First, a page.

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Because of its far-reaching influence, active transportation can have positive effects on many aspects of communities successes and overall livability. The Walkable and Livable Communities Institute states this clearly with the following: Communities that support walkability (active transportation) have better health and well-being, lower rates of traffic injuries and deaths, better access for people of all abilities, higher property values, better air quality and less greenhouse gas emissions. Additionally, the American Association of State Highway and Transportation Officials (AASHTO) report, A Policy on Geometric Design of Highways and Streets, 2001 specifically identifies the need to design and develop streets with regard to pedestrian needs: Pedestrians are a part of every roadway environment, and attention should be paid to their presence in rural as well as urban areas... provisions should be made, because pedestrians are the lifeblood of our urban areas, especially in the downtown and other retail areas. In general, the most successful shopping sections are those that provide the most comfort and pleasure for pedestrians. Similar direction is provided in the County of Simcoe Transportation Master Plan (June 2008), and by other transportation organizations. Because planning, designing and building communities to support active transportation is important, the ATP has been specifically designed to make it easy for the Town of Collingwood to create and support a community that is active transportation friendly. Policy Direction The Simcoe County Official Plan describes the important link between policy, regulation, and development of the built environment to creating an active transportation supportive community. Policy 4.1.5 states: The design of streetscapes, building orientation, and traffic flow should be planned to provide safe pedestrian and cycling access and movement in downtowns, main streets, and other activity areas. The Simcoe County Official Plan also provides minimum policy statements for the development of the active transportation plans for communities in the Region. The majority of this direction has been addressed with the provisions of the Town of Collingwoods Urban Design Manual, as well as through the ATP presented here. The County defined minimum policy statements are as follows: Policies requiring the provision of sidewalks and/or multi-use trails through all new development areas and standards outlining a minimum number of development units for application of the policy; Policies outlining the requirements and conditions related to the dedication of lands in new development areas to complete future trail and sidewalk connections identified in the official plan; Policies outlining cycling and pedestrian safety measures to reduce injuries and fatalities associated with motor vehicle collisions (i.e. traffic calming, narrower streets, signage, cycling lanes, etc.); Policies and standards specifying the design parameters that should be used for new trails and sidewalks that reflect Ontario Provincial Standards, Accessibility Act requirements, and best practices; Policies requiring the provision of secure bicycle racks and shelters, showers and change rooms, and sidewalk connections between buildings and municipal sidewalks for all new community centres, schools and other public use buildings, meeting halls, and major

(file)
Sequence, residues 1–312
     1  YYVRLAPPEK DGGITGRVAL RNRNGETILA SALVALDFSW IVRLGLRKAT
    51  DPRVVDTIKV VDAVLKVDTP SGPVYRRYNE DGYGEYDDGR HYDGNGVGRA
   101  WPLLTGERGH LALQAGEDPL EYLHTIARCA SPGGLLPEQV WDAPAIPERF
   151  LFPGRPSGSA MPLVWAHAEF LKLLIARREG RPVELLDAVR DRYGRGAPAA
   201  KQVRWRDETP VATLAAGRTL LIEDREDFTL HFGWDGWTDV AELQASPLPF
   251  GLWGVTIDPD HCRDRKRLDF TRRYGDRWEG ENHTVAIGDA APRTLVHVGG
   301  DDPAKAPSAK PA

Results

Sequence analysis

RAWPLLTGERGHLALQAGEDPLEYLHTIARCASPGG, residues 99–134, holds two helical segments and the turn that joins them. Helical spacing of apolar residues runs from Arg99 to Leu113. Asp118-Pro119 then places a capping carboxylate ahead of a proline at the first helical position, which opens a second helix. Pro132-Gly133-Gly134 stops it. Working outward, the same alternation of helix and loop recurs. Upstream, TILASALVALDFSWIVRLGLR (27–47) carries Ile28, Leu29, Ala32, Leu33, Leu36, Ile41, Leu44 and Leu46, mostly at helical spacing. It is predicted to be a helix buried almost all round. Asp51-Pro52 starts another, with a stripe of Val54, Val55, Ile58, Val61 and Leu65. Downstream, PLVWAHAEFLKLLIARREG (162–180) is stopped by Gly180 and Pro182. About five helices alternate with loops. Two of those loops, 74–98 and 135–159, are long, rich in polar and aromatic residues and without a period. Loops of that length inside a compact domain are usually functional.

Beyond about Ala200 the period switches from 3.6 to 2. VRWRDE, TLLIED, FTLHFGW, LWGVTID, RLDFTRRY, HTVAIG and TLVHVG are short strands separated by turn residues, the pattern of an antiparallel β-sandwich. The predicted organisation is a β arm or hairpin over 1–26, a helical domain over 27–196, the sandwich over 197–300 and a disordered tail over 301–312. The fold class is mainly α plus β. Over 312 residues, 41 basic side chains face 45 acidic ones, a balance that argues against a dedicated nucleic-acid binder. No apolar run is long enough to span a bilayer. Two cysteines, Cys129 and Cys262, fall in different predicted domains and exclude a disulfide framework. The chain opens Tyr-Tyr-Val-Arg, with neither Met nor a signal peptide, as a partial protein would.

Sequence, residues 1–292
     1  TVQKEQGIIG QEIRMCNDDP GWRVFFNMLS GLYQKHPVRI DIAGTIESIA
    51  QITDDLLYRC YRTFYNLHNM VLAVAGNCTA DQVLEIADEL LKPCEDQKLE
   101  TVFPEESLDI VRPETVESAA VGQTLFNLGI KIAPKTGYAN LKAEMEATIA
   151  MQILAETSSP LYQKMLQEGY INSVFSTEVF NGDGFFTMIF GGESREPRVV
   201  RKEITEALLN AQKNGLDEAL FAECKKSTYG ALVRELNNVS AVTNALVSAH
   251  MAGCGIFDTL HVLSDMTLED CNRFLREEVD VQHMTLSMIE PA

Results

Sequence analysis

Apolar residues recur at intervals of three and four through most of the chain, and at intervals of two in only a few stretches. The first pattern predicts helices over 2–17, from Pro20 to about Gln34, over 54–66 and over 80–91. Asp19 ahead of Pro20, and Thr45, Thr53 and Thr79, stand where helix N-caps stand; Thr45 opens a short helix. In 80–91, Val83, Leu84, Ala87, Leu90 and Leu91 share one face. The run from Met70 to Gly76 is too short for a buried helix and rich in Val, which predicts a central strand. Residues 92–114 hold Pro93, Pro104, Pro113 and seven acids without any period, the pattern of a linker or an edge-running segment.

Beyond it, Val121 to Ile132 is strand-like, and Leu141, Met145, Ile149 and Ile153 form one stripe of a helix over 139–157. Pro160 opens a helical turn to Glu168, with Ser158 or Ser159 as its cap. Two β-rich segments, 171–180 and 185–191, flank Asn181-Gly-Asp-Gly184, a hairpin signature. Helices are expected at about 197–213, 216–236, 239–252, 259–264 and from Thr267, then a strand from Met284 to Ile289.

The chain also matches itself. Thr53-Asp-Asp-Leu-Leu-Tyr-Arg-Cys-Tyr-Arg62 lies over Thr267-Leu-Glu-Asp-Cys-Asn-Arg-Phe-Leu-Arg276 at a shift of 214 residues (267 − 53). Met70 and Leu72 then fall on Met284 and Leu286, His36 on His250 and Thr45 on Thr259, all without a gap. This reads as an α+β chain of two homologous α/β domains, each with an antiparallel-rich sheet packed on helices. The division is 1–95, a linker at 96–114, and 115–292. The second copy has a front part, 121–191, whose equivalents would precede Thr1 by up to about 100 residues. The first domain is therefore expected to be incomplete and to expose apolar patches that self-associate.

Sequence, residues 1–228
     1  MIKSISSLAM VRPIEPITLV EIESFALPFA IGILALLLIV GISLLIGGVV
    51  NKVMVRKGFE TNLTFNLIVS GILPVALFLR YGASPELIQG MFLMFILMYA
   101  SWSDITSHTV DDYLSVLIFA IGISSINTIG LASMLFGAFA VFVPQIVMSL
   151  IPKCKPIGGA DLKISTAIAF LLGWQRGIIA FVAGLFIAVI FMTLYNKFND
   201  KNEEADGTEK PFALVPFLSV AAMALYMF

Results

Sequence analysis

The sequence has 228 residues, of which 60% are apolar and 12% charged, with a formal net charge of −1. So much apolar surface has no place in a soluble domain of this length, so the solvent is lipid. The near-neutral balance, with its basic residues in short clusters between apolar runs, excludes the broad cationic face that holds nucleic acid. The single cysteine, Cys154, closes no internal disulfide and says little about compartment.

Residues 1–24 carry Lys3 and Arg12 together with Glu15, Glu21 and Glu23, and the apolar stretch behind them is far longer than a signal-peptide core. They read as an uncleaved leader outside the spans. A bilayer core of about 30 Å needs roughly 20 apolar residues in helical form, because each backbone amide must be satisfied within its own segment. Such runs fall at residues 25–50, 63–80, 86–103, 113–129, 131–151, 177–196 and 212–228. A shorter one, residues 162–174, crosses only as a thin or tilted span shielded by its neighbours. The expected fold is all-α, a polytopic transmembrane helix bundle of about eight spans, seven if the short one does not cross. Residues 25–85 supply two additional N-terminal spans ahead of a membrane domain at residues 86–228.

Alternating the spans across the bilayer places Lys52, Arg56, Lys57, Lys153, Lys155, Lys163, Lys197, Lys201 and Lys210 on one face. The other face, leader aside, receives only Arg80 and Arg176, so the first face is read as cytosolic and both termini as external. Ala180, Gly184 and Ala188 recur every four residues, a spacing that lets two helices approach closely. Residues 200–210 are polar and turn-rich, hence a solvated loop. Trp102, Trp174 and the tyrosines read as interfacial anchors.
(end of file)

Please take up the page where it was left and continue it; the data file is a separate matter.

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employment land uses that meet a minimum floor space threshold to be established by each municipality.